Lot of big desks already forecasting global slowdown, professionals heading to exits bigtime now…

The S&P 500 Has a Tangible Net Worth Problem

When third-quarter earnings reports come out in a few weeks, the bottom lines of companies in the S&P 500 are expected to be up an average of nearly 20 percent compared with the quarter a year earlier, signaling a continuation of good times for corporate America. Profits rose just more than 24 percent in the second quarter.

But another metric of financial health suggests all may not be as rosy as it first appears. The tangible net worth, or book value, of S&P 500 companies has been falling this year. The last time it had a sustained drop was right after the financial crisis in 2008. The time before that was in the previous recession in 2001.

These Four Predicted The Global Financial Crisis; Here’s What They Think Causes The Next One

A different kind of hurricane slammed into the American East coast, the nation and ultimately the world ten years ago today.

Amidst the multiple introspective columns and soul searching that naturally occurred this week, which looked back on the missed warning signs behind the 2008 financial collapse exactly a decade ago this weekend, there is a small group of people whose opinions are actually worth paying attention to.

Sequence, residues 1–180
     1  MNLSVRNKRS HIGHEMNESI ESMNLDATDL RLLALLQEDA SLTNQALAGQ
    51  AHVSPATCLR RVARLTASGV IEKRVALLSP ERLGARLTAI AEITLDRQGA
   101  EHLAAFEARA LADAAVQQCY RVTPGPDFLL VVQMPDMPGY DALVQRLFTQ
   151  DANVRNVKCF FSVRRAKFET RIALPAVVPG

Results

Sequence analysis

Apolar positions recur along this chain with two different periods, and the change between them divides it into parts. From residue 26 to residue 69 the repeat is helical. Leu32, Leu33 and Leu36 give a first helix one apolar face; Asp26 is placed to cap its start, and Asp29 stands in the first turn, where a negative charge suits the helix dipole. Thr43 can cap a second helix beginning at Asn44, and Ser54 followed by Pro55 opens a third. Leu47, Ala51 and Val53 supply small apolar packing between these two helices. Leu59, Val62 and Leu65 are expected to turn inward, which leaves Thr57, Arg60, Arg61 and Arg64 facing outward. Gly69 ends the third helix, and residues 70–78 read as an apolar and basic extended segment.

Though arguably no single individual accurately called all aspects of the crisis in its entirety, precipitated by the implosion of Lehman Brothers, some did very publicly predict key facets with prophetic clarity. As Market Watch’s Howard Gold explains in his profile of four analysts the world should have been listening to: “People warned about subprime mortgage loans, derivatives, and too much leverage, but nobody, to my knowledge, said a bursting housing bubble would cause a global crisis that would lead to the demise of venerable financial firms, require trillion-dollar taxpayer bailouts, and cause a recession that rivaled only the Great Depression in its magnitude.”

Trouble is like many religious prophets of ancient history, they were rejected at the time, cast as dour harbingers of gloom and doom.

Clockwise from upper left: Gary Shilling, Jim Stack, Raghuram Rajan and John Mauldin. Via MarketWatch



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